Low vision is a medical condition for types of visual impairment where conventional corrective measures such as regular glasses, contact lenses, and surgical or medical treatment cannot adequately correct the deficit. It often presents with the following:
Low vision is the result of partial but irreversible visual impairment. A diagnosis does not mean that you are blind. It just means that you have problems that cannot be corrected with conventional interventions, and that you may require vision devices and training to enhance your remaining eyesight. In most instances, a person retains some degree of vision that usually responds well to specialty glasses or other vision aid.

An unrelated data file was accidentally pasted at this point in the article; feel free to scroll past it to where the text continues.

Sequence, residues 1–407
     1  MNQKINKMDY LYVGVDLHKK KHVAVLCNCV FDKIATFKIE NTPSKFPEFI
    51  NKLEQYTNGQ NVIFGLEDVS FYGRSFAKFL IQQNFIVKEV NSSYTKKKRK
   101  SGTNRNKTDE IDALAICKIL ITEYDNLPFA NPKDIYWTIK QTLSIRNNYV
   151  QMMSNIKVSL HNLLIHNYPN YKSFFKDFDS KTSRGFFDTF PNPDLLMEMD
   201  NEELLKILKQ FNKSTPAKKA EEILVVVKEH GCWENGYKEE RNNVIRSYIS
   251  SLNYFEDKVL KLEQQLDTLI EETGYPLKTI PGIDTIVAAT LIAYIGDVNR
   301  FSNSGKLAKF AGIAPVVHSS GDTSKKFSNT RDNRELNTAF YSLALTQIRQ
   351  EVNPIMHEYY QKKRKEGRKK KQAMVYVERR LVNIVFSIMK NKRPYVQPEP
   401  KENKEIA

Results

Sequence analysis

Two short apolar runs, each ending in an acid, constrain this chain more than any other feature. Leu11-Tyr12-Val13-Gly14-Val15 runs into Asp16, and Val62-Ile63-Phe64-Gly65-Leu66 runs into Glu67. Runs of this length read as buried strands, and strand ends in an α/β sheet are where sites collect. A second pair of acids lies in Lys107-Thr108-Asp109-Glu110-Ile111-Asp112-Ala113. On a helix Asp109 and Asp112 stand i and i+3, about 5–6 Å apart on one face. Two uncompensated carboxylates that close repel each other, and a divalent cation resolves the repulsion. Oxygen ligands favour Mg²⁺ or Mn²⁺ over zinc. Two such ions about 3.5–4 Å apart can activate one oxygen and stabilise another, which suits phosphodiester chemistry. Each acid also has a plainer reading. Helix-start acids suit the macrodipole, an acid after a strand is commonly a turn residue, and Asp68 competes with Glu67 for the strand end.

There are a variety of diseases, disorders, and types of eye injury affecting the optic nerve that may cause impairment and a diagnosis of low vision. These include types of acute and traumatic brain injury. Medical conditions that are known to cause this condition include age-related macular degeneration, cataracts, glaucoma, diabetic retinopathy, retinitis pigmentosa, corneal diseases, optic nerve atrophy, and strokes. Age-related macular degeneration accounts for almost 45 percent of such cases.